ISSUES UP FRONT

TIM DYHOUSE

Student Vets are Chasing High-Paying Careers

An in-depth study of how veterans use the Post-9/11 GI Bill shows they’re tackling challenging majors in exchange for lucrative jobs in stable career fields.

After more than six years of existence, that veteran the Post-9/11GI that veterans are serious about their schooling. The first of three reports by the StudentVeterans of America (SVA) to gauge the academic success of vets using the education benefit was released earlier this year. So far, it appears these scholars are attacking their lessons like a military objective.

“Based on the initial results, today’s student veterans represent the best source of potential and cur-rent achievers in higher education,” according to the National Veteran Education Success Tracker (NVEST) report.

One section of the report studied the types of degrees that Post-9/11 GI Bill users are pursuing. It noted that these student-vets are using their education benefits “to position themselves for the civilian workforce by earning degrees in marketable and high-demand majors.”

BUSINESS DEGREES LEAD THE WAY

The most popular degrees — by a wide margin — were those in business management, marketing, and related support services fields. The NVEST report found that some 27 percent of vets earned a degree in these disciplines.

That was the case for Kara Moore, who graduated in 2014 from Franklin University in Columbus, Ohio, with a business degree. Moore, who served in the Navy from 2003-2012, including a deployment to the Middle East region aboard the USS Tarawa in 2007-08, said her degree is invaluable.

“My first job as a buyer was dumb luck, and a vice president was willing to take a risk on me,” Moore said. “I quickly fell in love with the job, and my vice president told me about six months later that I was the best buyer he’d ever hired. I decided on a business degree to help me move up in my newfound field.”

Moore, a former petty officer 2nd class who served as a mass communications specialist, is currently a buyer for U-Haul in Tempe, Ariz. Her job entails finding new vendors, negotiating costs, managing inventory and purchasing repair parts for rental trucks.

“It keeps me busy and on my toes,” she said.

Moore added that she plans to pursue a master’s degree and hopes to move into a project management position.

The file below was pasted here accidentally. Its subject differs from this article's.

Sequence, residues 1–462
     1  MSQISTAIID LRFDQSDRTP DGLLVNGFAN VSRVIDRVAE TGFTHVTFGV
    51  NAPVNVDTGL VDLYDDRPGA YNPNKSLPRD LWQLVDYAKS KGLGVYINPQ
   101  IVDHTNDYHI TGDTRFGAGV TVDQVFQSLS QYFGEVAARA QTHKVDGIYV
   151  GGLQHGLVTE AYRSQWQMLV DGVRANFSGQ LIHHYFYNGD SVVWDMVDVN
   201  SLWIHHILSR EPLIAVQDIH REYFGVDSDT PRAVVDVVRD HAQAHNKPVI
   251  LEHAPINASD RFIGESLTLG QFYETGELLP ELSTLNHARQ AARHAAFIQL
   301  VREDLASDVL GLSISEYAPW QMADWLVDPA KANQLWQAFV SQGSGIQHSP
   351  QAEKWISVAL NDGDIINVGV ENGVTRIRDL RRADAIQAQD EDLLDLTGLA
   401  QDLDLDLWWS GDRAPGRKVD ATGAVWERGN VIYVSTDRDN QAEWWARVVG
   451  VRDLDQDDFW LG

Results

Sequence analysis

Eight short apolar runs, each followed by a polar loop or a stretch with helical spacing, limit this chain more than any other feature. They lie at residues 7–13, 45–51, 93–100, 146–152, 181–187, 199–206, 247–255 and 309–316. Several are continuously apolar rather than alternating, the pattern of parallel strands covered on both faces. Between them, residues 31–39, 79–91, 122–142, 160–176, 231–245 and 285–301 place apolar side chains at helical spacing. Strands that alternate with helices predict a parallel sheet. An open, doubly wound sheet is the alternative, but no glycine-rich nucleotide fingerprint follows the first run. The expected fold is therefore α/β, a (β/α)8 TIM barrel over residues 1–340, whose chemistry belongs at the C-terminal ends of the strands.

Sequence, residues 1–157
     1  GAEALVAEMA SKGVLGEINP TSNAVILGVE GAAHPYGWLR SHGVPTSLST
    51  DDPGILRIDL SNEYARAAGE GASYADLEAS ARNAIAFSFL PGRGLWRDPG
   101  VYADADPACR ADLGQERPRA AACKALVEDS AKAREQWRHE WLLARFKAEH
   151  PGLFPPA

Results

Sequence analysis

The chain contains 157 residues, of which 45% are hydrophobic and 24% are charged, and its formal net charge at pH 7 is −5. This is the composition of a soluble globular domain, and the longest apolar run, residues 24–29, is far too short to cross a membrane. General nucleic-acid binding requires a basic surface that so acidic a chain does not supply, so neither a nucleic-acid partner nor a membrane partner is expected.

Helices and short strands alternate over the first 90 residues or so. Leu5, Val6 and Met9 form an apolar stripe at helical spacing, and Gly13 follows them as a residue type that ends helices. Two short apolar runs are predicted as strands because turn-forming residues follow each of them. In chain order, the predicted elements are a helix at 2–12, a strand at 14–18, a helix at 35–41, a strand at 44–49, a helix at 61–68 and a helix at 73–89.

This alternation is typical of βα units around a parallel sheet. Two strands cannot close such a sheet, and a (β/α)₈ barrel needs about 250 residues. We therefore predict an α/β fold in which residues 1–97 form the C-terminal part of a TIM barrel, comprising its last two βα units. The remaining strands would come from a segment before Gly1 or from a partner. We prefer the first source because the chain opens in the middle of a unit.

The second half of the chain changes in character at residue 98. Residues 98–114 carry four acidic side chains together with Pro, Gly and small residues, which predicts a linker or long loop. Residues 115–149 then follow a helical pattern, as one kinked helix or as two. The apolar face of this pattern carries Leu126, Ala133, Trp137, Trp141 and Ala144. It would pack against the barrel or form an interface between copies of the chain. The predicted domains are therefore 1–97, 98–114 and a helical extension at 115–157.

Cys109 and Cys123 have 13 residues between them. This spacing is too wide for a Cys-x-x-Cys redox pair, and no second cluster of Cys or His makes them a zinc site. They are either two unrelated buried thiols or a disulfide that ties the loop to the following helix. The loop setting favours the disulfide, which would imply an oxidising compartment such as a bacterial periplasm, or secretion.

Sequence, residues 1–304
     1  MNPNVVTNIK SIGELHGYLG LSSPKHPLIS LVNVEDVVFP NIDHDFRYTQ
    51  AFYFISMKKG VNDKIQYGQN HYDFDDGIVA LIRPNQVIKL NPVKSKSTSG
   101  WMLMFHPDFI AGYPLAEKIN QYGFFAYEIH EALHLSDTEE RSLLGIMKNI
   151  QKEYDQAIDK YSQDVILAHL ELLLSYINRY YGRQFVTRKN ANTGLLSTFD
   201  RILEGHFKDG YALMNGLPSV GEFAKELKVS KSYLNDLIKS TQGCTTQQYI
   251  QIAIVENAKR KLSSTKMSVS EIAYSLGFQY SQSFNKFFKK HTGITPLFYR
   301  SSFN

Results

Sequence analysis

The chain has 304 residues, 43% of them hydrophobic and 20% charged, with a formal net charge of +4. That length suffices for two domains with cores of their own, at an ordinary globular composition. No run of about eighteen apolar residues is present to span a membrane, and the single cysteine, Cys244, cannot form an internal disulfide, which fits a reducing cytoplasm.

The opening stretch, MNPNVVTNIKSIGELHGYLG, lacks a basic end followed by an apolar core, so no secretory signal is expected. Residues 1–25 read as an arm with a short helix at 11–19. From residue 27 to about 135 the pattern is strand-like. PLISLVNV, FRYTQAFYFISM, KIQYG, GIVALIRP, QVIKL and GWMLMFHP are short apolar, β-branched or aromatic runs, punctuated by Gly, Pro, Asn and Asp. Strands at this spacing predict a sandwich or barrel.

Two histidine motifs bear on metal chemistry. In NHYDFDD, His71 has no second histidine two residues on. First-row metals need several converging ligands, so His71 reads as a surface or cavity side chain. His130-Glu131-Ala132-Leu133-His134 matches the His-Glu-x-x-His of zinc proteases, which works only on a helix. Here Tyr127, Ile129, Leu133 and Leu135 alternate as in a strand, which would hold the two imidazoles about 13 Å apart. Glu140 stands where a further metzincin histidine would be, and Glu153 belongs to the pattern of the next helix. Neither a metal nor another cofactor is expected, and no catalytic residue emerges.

“I love buying, but project management will allow me to expand on what I’m already doing and learn some new things,” she said.

100,000 DEGREES ANNUALLY

After business degrees, the NVEST report found that the next most popular disciplines were those in the STEM (science, technology, engineering, and mathematics) fields. When grouped together, the NVEST study found that 14.4 percent of student vets had either earned or were pursuing STEM degrees.

Coming in as the third-most-sought degrees were health-related. More than one in 10 (10.4 percent) student vets claimed these majors.

Overall, SVA — which has been an official partner of VFW since 2013 — found that nearly 350,000 vets have obtained degrees since the Post-9/11 GI Bill’s inception in August 2009. It predicted that “if the trend remains accurate,” the program will allow some 100,000 vets annually to earn degrees.

One question the initial study did not answer is why student vets were so successful in college. Statistics did show that vets using the Post-9/11 GI Bill were slightly older than their classmates. But that might only be part of it. Moore supplied what could be the real reason.

“My military experience was invaluable to earning my degree,” she said.
“The work ethic instilled in me in the Navy helped me be successful. In the Navy, I learned the importance of dead-lines and putting my responsibilities ahead of everything else.”

To access the full report, visit nvest.studentveterans.org.

EMAIL tdyhouse@vfw.org

Read the full article at http://digitaledition.qwinc.com/article/ISSUES+UP+FRONT/2780209/405443/article.html.